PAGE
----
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Is it Patentable?
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   Patent an e-business idea
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   Author  Topic: Patent an e-business idea  (Read 718 times)
JOYK
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Patent an e-business idea
« on: Sep 1st, 2006, 11:06pm »
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Hi.  I would like to present my e-business idea to investors.  Since it's based on internet, I thought that it might not be secure enough to file patent only in US.  Is it possible if a person in out-of-US can copy the idea and do the business to US from out of the country without infringing my patent?  How much would it cost if I file patent on major countries?
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Isaac
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Re: Patent an e-business idea
« Reply #1 on: Sep 2nd, 2006, 7:07am »
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on Sep 1st, 2006, 11:06pm, JOYK wrote:
Is it possible if a person in out-of-US can copy the idea and do the business to US from out of the country without infringing my patent?

 
It may be possible, but it depends heavily on the details.  Given the expense required to obtain patents in every country in which your idea might be viable, I'd suggest that you have an experienced patent practitioner evaluate the question of whether your invention could be practiced outside of the country to deliver inside the US.    
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Isaac
JimIvey
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  jamesdivey  
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Re: Patent an e-business idea
« Reply #2 on: Sep 2nd, 2006, 8:36am »
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Well, there are a number of things you can look at to solve your problem.  First is to remember that there are two sides to the e-business -- the server side and the client side.  While you may like to have claims that cover the whole system, you really should have claims that are infringed by the client and/or the server alone -- to the extent what the client and/or server does is novel and non-obvious.  If something novel and non-obvious happens in the client, you can get solid protection in the US -- even if the server is "overseas" (which I mean to include Canada and Mexico).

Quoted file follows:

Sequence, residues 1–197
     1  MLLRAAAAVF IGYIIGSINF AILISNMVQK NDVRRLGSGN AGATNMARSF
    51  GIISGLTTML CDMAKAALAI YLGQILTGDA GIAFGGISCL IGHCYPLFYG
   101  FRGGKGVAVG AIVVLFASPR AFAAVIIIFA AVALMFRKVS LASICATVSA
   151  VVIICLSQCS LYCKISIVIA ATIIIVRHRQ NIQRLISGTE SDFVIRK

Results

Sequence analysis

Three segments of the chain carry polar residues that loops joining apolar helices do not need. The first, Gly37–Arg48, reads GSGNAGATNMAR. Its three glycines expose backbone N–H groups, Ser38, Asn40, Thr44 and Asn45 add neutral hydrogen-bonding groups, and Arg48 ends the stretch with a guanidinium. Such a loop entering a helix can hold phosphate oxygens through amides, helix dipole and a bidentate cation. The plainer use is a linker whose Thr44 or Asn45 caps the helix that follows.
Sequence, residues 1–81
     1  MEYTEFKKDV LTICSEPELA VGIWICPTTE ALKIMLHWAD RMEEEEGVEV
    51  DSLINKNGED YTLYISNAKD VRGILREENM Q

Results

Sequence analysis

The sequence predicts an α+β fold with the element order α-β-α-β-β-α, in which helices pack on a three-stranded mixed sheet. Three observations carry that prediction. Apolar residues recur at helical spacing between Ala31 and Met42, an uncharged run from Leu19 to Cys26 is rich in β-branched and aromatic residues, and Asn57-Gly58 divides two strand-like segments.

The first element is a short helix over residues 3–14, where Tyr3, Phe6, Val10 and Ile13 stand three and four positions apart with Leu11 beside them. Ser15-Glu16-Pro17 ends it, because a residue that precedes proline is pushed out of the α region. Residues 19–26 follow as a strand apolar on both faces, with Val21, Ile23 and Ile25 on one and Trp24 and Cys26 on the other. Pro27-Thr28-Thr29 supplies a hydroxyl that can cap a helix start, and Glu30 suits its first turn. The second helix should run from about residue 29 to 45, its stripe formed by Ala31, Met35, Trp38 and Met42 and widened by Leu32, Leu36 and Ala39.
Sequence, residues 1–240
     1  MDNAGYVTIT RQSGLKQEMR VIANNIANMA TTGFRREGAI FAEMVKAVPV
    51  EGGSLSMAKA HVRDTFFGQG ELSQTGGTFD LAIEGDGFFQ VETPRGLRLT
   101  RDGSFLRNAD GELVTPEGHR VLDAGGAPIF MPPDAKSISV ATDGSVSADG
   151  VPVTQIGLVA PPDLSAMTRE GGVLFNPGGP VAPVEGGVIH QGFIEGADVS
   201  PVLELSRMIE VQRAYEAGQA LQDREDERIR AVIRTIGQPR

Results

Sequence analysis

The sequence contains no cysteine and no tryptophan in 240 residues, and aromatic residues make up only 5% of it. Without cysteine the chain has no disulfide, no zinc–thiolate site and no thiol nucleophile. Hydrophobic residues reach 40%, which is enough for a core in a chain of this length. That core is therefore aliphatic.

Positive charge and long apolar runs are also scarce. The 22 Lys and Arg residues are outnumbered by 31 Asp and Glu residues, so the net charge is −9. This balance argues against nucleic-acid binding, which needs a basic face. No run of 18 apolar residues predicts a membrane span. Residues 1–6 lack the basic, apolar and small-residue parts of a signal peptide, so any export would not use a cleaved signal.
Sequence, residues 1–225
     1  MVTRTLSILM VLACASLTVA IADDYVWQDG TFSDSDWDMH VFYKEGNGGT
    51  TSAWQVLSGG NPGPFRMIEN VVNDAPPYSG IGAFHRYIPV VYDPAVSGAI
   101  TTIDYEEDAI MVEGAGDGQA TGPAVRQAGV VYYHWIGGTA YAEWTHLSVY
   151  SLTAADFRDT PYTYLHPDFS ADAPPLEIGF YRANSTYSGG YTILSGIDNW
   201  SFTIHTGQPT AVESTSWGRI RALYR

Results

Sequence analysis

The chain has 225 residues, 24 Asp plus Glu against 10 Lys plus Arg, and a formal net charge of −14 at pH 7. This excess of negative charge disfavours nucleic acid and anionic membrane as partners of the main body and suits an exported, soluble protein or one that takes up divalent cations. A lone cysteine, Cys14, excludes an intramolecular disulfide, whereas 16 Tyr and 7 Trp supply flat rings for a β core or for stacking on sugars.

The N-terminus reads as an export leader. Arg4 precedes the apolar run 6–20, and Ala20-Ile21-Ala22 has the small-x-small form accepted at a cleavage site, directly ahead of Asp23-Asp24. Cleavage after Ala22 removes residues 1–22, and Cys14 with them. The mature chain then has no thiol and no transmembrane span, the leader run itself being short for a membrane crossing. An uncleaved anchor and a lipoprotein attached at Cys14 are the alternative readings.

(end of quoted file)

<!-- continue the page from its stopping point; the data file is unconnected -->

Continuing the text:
Second, in some instances, you might be able to capture things coming through wires into the US via the Internet.  A clear example is an applet that is downloaded from the server and executed by the client.  If the applet itself infringes, downloading it could be importing it which is an act of infringement.  In addition, a network could be considered a "computer readable medium" in a Beauregard claim (A computer readable medium on which is stored computer instructions which, when executed by a computer, cause the computer to <do nifty stuff> by: <method steps>.)
 
Lastly, whole system claims have some value even if the server is overseas.  A recent example of that is the famous NTP v. RIM case in which their server was in Canada.  The piece down by the server in the claim, from what I recall, was a relatively small piece.  So having one piece of the puzzle done outside the US didn't escape liability.
 
There are ways to handle what you're describing just in the US.  
 
The cost to file outside the US is about $3,000-5,000 per country (double that for Europe as a whole).  That's just to file.  Many countries require that you pay an "annuity" of about $300-1,000 per year while the application is pending and may require a fee to be paid when you ask them to examine your application -- yes, that's a separate step in many places.  Pursuing patent protection in just a modest number of countries for a single application can easily top six figures within a few years.
 
Regards.
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Bill Richards
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Re: Patent an e-business idea
« Reply #3 on: Sep 2nd, 2006, 8:45am »
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I would only add that translation costs can mount up quickly, too.  It's pretty common to pay ca. $100/page.
« Last Edit: Sep 2nd, 2006, 8:46am by Bill Richards » IP Logged

William B. Richards, P.E.
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Sudhir Aswal
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Re: Patent an e-business idea
« Reply #4 on: Sep 20th, 2006, 3:38am »
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Yes there is possibility of infringement against which you wont be able to take any action. First of all you need to also understand that laws of many countires still dont recognise patent in relation to softwares, that can only be copyrighted. But if software can be shown in such a way that it appears to intrinsic part of the hardware it is patentable.  
 
Cost of obtianing worldwide patnet varies and depends upon your country selection. For that you have to identify the countires where you will be benefited commercially by exploiting your invention.
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Sudhir Kumar Aswal
Patent Attorney, India
Aswal Associates
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